School busing in Berkeley during Kamala Harris’ childhood was both voluntary and volatile
The school bus ride was less than three miles from one side of Berkeley to the other, but from 1969 to 1973 it transported Carole Porter to an entirely different world.
Like her neighbor and friend Kamala Harris, Porter was one of thousands of black children bused into predominantly white neighborhoods to learn. It was part of Berkeley’s bold experiment in desegregation.
But even in a city that had become a worldwide symbol of 1960s counterculture revolt, systemic racial prejudice in education and housing remained deeply entrenched.
“That’s a really hard thing to reconcile,” said Porter, 55. “Berkeley was an oxymoron. It was a contradiction in many ways.”
Harris’ three years of busing from her family’s mainly black working-class neighborhood to a prosperous white enclave in the hills overlooking San Francisco Bay was at once universal and uniquely Berkeley.
As in many American cities, the discriminatory housing policy known as redlining kept blacks from moving into white neighborhoods in Berkeley and busing fueled some white flight to the suburbs.
But unlike other sizable cities, Berkeley undertook its busing program voluntarily and required both white and black families to travel into unfamiliar neighborhoods. Rapid demographic and political changes shielded the community from the most extreme pushback, including violence, that hobbled busing efforts nationwide.
More than 50 years after Berkeley launched its busing program, Harris, one of its most famous participants, thrust it back into the spotlight in last week’s Democratic presidential debate.
As California’s first black senator chastised her rival Joe Biden for his fight against forced busing in the ’70s, she leaned on her personal history in Berkeley, portraying herself as a beneficiary of the charged battle for educational equality.
“There was a little girl in California who was a part of the second class to integrate her public schools, and she was bused to school every day,” Harris said. “And that little girl was me.”
Contrary to its enduring reputation as a progressive mecca, the Berkeley of Harris’ childhood was more politically muddled. The conservative John Birch Society operated two bookstores in the area. It wasn’t until the early 1960s that Democrats cracked a Republican stronghold on the city council. Black residents were restricted to living to the southern and western flats, while whites resided in the northern hills.
Thelette A. Bennett, 71, a retired vice principal of Berkeley High School, grew up in the same neighborhood as Harris.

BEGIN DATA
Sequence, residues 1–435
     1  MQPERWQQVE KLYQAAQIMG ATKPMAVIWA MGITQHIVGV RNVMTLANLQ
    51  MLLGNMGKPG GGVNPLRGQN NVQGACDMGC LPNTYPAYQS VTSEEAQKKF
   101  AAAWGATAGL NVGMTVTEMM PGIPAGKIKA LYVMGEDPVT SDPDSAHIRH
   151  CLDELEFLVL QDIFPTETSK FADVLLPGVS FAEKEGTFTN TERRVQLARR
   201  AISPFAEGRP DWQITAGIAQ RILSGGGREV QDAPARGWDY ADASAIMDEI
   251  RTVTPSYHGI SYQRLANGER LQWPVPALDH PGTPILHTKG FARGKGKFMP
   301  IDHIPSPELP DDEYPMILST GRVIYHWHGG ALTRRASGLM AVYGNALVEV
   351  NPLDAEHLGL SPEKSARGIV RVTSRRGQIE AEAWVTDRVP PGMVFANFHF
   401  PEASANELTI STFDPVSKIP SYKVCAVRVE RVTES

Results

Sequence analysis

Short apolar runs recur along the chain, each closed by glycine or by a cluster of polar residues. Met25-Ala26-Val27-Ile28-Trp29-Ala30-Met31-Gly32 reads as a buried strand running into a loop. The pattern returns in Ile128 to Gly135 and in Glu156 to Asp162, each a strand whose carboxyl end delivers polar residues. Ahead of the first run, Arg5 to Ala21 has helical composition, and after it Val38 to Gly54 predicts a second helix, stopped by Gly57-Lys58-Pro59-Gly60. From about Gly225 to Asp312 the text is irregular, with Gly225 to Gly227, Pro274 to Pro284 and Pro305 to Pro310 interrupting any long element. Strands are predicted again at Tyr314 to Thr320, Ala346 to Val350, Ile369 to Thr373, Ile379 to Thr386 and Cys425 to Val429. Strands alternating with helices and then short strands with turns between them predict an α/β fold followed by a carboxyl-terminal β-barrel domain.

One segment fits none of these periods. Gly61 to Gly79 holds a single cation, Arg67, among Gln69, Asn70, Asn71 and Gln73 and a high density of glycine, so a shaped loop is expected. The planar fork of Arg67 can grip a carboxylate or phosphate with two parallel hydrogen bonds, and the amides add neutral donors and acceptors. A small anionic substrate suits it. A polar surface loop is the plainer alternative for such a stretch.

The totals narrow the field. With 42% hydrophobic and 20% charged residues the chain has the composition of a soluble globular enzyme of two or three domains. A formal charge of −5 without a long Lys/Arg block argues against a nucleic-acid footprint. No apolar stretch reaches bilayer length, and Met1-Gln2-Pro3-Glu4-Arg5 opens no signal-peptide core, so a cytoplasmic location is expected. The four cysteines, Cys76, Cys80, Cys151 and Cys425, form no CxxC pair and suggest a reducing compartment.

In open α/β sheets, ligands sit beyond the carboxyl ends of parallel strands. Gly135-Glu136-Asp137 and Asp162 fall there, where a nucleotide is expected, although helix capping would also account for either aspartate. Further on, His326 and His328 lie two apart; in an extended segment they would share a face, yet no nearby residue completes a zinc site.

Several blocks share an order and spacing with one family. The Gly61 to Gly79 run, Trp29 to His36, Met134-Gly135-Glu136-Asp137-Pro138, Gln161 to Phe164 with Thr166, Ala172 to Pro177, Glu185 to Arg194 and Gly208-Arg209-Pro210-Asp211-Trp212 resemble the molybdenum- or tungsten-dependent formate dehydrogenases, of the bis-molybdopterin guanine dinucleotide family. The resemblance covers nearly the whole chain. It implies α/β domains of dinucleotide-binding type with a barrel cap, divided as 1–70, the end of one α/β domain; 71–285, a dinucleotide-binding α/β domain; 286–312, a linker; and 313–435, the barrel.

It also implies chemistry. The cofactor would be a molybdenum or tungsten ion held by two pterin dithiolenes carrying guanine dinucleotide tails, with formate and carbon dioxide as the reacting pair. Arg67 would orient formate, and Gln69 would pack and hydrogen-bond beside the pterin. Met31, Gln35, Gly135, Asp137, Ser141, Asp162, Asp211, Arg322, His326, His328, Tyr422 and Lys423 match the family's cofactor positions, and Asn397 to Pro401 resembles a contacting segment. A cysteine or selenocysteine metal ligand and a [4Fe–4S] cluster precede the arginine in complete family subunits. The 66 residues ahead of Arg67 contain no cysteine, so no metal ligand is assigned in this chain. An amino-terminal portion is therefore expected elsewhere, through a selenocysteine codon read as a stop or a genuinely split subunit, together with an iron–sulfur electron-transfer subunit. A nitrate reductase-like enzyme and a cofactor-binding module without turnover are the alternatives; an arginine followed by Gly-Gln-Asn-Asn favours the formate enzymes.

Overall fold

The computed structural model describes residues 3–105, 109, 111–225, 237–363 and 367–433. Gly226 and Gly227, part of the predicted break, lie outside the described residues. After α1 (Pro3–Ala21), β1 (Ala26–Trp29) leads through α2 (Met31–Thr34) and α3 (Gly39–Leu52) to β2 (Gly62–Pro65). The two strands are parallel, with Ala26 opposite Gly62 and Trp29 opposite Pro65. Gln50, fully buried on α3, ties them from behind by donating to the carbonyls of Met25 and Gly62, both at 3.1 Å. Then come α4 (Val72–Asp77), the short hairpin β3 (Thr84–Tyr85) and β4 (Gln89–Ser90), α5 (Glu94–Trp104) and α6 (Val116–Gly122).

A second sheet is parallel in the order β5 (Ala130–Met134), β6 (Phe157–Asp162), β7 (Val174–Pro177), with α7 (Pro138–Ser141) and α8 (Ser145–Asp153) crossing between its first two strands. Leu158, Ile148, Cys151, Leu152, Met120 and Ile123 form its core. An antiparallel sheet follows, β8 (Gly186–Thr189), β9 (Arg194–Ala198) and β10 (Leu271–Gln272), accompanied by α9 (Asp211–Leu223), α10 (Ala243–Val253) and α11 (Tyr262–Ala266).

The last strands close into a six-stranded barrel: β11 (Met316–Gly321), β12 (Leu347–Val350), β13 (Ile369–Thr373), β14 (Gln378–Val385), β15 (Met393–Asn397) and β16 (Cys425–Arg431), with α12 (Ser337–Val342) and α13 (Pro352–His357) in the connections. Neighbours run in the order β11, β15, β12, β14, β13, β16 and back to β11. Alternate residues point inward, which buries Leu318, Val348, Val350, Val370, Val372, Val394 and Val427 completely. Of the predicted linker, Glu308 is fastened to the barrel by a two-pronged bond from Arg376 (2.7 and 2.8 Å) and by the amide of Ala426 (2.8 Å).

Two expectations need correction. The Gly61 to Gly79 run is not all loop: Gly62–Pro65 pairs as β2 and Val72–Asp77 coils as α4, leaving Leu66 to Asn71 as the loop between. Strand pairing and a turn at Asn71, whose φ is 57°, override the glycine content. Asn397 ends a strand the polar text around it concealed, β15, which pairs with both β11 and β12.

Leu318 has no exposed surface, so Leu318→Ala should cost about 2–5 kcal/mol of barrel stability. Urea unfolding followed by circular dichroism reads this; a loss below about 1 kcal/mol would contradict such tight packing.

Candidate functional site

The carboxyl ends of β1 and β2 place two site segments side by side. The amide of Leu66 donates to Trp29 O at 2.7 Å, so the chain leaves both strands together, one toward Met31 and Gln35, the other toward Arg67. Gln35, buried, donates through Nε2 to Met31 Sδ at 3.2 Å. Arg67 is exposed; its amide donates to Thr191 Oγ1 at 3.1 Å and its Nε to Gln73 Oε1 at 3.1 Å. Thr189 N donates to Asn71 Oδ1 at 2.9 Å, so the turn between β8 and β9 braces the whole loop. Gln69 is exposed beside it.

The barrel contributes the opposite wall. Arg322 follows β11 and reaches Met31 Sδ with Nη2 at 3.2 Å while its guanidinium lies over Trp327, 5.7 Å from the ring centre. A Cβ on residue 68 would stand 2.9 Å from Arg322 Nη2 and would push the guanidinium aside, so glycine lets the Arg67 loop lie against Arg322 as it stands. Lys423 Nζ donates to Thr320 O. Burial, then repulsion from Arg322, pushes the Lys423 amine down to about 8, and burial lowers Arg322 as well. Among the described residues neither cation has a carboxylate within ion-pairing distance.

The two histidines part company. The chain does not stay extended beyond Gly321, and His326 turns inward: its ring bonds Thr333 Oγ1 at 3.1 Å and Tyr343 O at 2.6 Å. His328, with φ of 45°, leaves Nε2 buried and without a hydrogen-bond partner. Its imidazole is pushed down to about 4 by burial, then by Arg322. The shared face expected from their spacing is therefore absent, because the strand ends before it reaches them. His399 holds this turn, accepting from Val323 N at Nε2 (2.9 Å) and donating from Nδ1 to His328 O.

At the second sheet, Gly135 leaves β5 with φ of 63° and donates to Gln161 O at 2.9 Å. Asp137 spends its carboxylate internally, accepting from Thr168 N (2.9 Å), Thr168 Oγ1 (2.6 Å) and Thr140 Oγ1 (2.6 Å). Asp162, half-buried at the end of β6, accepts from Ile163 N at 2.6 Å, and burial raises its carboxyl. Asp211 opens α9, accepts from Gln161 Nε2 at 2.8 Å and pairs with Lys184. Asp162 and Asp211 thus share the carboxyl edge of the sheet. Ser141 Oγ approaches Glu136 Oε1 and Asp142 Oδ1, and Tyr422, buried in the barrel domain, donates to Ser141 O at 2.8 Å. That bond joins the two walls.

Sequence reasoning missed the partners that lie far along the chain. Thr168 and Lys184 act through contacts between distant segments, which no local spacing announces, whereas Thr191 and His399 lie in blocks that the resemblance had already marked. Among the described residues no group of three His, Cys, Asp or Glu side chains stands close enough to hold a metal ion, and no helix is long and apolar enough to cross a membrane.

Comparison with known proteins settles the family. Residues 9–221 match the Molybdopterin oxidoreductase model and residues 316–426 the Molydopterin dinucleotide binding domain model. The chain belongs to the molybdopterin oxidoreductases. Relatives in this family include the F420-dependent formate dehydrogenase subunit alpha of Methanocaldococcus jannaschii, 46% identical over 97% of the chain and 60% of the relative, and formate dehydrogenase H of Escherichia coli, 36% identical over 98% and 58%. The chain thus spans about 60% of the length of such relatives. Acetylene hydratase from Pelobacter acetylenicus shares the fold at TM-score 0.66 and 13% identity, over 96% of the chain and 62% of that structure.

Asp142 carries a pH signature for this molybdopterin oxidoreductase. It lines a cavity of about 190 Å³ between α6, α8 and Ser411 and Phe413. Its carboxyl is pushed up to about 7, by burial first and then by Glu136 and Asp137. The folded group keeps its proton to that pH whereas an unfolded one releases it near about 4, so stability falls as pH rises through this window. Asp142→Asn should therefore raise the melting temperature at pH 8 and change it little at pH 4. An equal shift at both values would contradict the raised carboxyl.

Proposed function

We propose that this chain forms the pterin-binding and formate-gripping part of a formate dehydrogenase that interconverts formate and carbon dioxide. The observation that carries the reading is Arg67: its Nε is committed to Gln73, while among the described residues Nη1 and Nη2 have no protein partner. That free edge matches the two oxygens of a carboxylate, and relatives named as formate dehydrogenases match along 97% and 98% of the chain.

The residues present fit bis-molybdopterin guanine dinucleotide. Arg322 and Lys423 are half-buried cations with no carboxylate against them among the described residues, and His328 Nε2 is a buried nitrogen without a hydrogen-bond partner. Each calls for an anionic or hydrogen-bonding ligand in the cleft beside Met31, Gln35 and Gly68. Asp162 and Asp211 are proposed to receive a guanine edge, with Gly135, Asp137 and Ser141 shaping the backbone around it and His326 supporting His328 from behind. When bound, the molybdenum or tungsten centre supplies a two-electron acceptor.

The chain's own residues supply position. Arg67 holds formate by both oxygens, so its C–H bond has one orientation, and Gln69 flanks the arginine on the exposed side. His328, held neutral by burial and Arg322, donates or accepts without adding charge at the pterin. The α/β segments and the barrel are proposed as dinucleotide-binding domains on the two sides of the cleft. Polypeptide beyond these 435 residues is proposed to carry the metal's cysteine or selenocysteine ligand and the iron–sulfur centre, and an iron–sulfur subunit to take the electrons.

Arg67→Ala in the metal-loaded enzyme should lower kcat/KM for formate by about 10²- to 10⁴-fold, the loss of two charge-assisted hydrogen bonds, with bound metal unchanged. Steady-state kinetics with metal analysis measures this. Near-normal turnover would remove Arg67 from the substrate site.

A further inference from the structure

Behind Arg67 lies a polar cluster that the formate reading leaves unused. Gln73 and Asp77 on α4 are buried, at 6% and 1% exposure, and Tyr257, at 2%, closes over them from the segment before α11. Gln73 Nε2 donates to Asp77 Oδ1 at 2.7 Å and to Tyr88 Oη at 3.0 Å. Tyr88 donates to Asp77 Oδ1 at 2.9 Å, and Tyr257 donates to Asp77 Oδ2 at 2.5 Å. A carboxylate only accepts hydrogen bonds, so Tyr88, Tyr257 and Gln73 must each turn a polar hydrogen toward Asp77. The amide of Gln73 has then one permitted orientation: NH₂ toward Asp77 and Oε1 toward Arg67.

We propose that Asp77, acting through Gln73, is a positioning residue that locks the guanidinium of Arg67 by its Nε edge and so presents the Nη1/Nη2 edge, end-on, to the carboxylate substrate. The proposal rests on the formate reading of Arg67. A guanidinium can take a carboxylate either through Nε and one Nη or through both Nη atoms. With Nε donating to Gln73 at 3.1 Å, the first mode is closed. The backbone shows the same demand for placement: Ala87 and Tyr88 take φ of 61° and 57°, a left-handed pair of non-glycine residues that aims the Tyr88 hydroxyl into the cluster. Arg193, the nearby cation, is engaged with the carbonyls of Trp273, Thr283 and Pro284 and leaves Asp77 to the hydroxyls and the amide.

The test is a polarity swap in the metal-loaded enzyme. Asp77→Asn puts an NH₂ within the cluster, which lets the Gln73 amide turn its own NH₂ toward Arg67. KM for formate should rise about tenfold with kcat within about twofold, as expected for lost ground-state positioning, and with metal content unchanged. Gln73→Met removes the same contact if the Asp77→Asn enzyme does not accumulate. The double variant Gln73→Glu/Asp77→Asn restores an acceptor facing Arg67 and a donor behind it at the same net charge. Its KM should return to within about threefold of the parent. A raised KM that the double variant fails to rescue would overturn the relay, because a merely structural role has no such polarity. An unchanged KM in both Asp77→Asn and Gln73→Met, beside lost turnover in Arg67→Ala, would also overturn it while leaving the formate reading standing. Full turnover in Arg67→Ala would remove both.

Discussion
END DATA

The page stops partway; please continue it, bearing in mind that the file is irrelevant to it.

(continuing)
Bennett’s father, a black World War II Navy veteran, was an airplane mechanic at a local naval air station in 1945, when redlining blocked him and his wife from buying a house in a white neighborhood. Even in the black neighborhood where they settled, she said, they needed to get a white real estate agent to buy a home and transfer it to them.
“There were only certain areas where they could buy a home,” Bennett said. “We lived where they allowed us to live.”
But a large influx of African Americans during and after World War II and whites affiliated with UC Berkeley were pulling the local politics to the left, paving the way for desegregation. Black leaders raised concerns about segregation in the city starting in the late 1950s.
In response, the school board studied the matter, concluding that all but three of the district’s 17 elementary schools and two of the three junior high schools were segregated. (Berkeley High, the city’s only high school, was integrated by default.) In 1964, the school board voted to desegregate its junior high schools.
Residents’ reactions were not as extreme as the segregation battles elsewhere in the country, such as the South, but “it wasn’t as far from that as you might assume,” said Natalie Orenstein, a reporter for local news site Berkeleyside. “There were definitely really angry parents and hours-long school meetings.”
Desegregation opponents launched recall campaigns of multiple school board members over the junior high busing program, but lost by a wide margin.
“When the recall failed, that vote was interpreted by the school board and liberals as a vote to go ahead,” said Charles Wollenberg, author of “Berkeley: A City in History.” “So in 1968, they also began integration of the elementary schools.”
Harris began attending a white school in 1970 as a first-grader. Her mother would kiss her goodbye and then she would walk to the corner and get on the bus to Thousand Oaks Elementary School, Harris wrote in her 2019 memoir. “I only learned later that we were part of a national experiment in desegregation.… At the time, all I knew was that the big yellow bus was the way I got to school.”